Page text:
As the economy slowly crawls back to almost equaling the plateau it achieved five years ago, when the stock market crashed and the Eurozone kerfuffle plunged the financial world into chaos, one major issue ranking high on the scuttlebutt circuit surrounds what will happen to mortgage rates. It makes sense, since the housing and construction markets are primary indicators of the economy’s direction.
Many homeowners have benefited from the reduction in the rates over the years, particularly five-year fixed closed rates, which were as high as six per cent 10 years ago and have since dropped to more than half by the end of 2012. An even longer-term picture shows that current rates are barely a third of what they were even 20 years ago.
And those who’ve been shopping around since the beginning of 2013 can have their pick of even lower offerings from mortgage brokers and the big banks, which have been offering incentives as low as three per cent. Holders of variable mortgage rates, which at this writing enjoyed a range from 2.6 to 3.6 per cent in Calgary, are also breathing easy, while anticipating that the rates don’t climb anytime soon.
At this point, that’s not likely to happen. With the Bank of Canada rate at a record low hovering around the one-per cent mark and amid predictions that Gross Domestic Product will slowly crawl up to roughly two per cent, there’s no incentive to jack the rates up. That’s good news for first-time buyers, faced with tighter federal mortgage financing laws, and looking at existing rates as a way to handle payments in the wake of rising house prices.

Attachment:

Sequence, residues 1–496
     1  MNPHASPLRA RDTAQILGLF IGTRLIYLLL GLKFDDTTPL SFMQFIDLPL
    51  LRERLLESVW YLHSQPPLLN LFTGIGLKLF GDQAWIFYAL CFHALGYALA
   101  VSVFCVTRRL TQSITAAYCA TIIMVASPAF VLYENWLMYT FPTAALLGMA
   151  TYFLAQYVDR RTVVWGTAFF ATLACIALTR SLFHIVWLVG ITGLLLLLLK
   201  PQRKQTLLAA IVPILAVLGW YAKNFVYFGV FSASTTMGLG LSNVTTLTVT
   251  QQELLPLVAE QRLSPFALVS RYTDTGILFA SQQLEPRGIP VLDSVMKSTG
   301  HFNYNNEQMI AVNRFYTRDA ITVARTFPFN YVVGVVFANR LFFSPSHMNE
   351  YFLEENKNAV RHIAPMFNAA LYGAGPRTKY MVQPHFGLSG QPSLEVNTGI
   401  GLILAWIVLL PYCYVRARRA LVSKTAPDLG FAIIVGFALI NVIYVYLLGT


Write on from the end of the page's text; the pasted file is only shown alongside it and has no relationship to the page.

Current homeowners will also enjoy the rates, making it easier to get a handle on their mortgages. Since interest is normally the first component of a mortgage that’s eventually paid off, a lower rate mean that their principal will be easier to tackle. And according to the Canadian Association of Accredited Mortgage Professionals, a record one-third of Canada’s six million mortgage holders Canadians are actually ahead of the curve when it comes to their payments.
Ironically, this is all happening when the average Canadian consumer debt is just below $26,000, cited a report by credit bureau TransUnion. The report, which excluded mortgages, stated that car purchases and renovations were two major sources of debt, financed by credit cards and lines of credit.
Arguably, lower mortgage rates are easier on the pocketbook and would allow consumers enough flexibility to pay off their credit cards. But should the rates start increasing, homeowners face a slippery slope in terms of repayment leverage. Many financial experts state households should be more financially savvy in terms of they should be spending their money and measuring their payments against existing cash flow for starters. Examining the interest in repaying lines of credit and credit cards as well as their mortgages is also strategically smart in terms of prioritizing what debt needs to be dealt with.
Even in Calgary, the strongest economy in Canada, it helps to plan ahead.